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Chad R. Stewart
Chad R. Stewart

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React and React Native for Web are not the same!

Twice in my career I’ve heard this: “Oh, you know React? React Native for Web shouldn’t be hard for you then.” The first time I heard it, I wasn’t able to work on the project for reasons I’ve spoken about in another blog post. A few years later, I would hear that same statement again but as a Front-End Engineer I still didn’t have any real experience with React Native at all. So I dived into this React Native for Web project hoping it would be fairly similar.

I’m here to tell you, this is NOT TRUE.

Disclaimer: As of the time of this writing, I’ve only had 2 months of React Native for Web experience but I can definitely speak on my dev experience with this tool.

I would like to talk about this topic through the lens of 2 assumptions I’ve made throughout the course of working on this project and how those assumptions got me into trouble.

Assumption #1: Getting variables from the URL will be easy

So a popular way of getting information from an external source is passing that information into the URL, pulling the data from it and then leveraging it in your app. This will usually take the form of!! In the project I’m working on, this was the solution we decided to go with to have a user pass important data to our application and I was tasked to implement this feature. In JavaScript running in the browser, you’d use to get the information you’d need. Using React, if you’re using React Router, there’s a hook called useSearchParams that you can use (which I literally learned of right now). In React Native, it wasn’t quite as simple for me…

The solution I ended up using was getting the initial URL using getInitialURL from the expo-linking package and then using Regex to pull out the variable I want out. The key issue here is that the implementation I used required that I get the variable from the initial URL that you use to access the app. If for whatever reason, you wanted to pass information into the URL later on in the app, my implementation won’t solve that problem for you. There are two other solutions that I know for this problem. The first solution is to pass the variable around using navigator in React Native which doesn’t help me because my variable came from an external source. Another solution was using another function to get the URL (again, the name escapes me) which didn’t work when I tried to use it and so I settled with the initial URL solution.

Something I also wanted to note as I’m talking about this is as I’ve been working with React Native for Web, as you navigate through the application, the URL never changes. I’m sure that has something to do with how navigator works under the hood but it’s very strange to me as a Front-End Engineer.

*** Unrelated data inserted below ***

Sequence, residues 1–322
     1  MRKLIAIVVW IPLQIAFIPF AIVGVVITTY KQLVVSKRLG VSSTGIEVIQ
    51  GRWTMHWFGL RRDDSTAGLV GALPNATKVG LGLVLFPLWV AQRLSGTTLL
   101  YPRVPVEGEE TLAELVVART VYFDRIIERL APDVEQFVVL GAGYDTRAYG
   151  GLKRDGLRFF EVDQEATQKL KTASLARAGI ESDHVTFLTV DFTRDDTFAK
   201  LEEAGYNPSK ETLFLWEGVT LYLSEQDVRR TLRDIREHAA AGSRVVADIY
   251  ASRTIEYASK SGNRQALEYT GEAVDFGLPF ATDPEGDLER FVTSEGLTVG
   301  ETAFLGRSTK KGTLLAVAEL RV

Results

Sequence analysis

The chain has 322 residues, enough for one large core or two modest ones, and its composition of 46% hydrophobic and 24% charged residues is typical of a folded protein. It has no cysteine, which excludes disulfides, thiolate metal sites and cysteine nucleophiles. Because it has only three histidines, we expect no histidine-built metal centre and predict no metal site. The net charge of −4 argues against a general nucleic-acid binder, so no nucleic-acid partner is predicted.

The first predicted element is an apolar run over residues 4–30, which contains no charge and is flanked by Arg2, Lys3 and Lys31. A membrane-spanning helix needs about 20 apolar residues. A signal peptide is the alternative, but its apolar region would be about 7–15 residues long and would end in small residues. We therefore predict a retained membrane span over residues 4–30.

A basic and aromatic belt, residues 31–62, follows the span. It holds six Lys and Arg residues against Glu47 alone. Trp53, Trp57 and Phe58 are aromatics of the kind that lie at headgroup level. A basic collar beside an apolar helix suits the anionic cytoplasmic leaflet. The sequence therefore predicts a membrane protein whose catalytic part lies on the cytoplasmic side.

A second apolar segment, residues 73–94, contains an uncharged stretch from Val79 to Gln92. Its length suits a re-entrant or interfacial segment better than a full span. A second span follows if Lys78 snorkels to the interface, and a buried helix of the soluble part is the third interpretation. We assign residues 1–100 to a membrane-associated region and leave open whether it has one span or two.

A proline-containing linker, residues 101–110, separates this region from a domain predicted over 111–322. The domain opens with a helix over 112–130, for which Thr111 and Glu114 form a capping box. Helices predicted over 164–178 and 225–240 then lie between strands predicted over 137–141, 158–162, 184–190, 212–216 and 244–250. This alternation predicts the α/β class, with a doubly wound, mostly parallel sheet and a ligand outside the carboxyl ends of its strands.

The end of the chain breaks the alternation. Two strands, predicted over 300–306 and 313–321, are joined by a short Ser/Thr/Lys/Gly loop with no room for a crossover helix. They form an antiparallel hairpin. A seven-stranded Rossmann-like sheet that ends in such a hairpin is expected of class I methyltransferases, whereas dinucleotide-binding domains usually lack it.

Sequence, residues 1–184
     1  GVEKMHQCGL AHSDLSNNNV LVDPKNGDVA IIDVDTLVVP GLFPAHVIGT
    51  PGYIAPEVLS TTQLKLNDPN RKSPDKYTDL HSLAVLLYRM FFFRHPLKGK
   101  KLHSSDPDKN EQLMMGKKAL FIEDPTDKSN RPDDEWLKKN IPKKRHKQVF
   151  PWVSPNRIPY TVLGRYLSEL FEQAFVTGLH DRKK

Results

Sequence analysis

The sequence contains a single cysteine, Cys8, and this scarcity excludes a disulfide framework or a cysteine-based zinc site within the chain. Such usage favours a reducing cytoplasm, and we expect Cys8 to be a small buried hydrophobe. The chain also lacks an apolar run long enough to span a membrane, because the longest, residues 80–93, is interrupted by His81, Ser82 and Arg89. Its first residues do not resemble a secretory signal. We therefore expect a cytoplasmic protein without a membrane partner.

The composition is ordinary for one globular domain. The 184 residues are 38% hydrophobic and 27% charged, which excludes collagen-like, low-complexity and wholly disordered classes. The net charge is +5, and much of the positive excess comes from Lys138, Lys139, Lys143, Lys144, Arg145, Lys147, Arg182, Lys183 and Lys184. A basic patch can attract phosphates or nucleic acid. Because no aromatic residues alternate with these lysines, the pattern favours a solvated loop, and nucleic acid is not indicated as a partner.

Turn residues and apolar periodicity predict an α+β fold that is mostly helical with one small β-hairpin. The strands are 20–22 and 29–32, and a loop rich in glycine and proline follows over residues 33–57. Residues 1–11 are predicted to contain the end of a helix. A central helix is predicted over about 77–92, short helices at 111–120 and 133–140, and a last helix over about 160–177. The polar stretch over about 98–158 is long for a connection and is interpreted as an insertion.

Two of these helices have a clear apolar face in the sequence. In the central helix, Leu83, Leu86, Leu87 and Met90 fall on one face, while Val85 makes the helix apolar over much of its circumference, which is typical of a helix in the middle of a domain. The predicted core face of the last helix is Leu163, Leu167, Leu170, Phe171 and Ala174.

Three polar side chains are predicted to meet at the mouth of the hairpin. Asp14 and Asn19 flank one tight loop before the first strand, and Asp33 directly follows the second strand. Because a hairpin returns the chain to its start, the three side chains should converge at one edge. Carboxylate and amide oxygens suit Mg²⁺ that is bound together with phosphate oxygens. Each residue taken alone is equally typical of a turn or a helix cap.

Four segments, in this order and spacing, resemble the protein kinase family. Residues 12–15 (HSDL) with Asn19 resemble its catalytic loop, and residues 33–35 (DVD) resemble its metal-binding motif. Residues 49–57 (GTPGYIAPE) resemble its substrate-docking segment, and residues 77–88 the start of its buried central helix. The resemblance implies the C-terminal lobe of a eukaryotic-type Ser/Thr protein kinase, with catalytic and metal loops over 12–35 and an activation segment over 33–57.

Assumption #2 You have access to all of CSS

Another time working on this project, we needed to implement a simple animation for the app and I was charged with working on this feature. I’ve not worked with a lot of animations so I decided that I’d experiment with CSS animations so that I get the right look and feel and then I’d just import it into the application. Easy peasy right? So I decided to jump into a Codesandbox to experiment with the animation without potentially breaking something in the app by accident. In setting up the Codesandbox, I absentmindedly selected React as the environment and off I went. Took me about two hours of learning CSS animations but I finally came up with something that I liked. Ended the day pretty happy with myself and I just prepared to do some simple conversion and some testing the next day.

A quick note was that our application used Styled Components which I wasn’t too familiar with and what I thought was going to be the main pain point of the conversion. So I poked around on Google and tried implementing the animations I had spent time working on the day before. I made sure to ask about Styled Components and how animations specifically worked there. Then I came across this article and specifically this line:

"Keyframes are not supported by react-native. Use the ReactNative.Animated API."

So, I started Googling ReactNative.Animated API and went down that rabbit hole. I couldn’t really figure out how ReactNative.Animated worked and futilely tried to just cram my animation into the Styled Component. After a couple of hours, I ended up having to reach out to my coworker and asked if they had implemented React Native animations before and thankfully they had. They pointed me to the Animatable package and while it did eventually solve the problem, the implementation was not something I was (and still am not) happy with.


So first of all, this is not an exhaustive list of the differences between React and React Native for Web. These are the specific problems I had that really taught me, quite painfully I might add, that React and React Native for Web are very different and you leverage them differently. As a Front-End Engineer, there are tools that you’ll be used to having access to that you simply won’t have in React Native for Web because the underlining ecosystems are different. Yes you’re creating something that is meant to be viewed in a browser but your dev experience will be very different from writing React apps.

So when you’re choosing a front-end technology for your next project and someone asks “why not use React Native for Web. It’s just like React right?”, I hope this article can help you say “No, no it’s not.”

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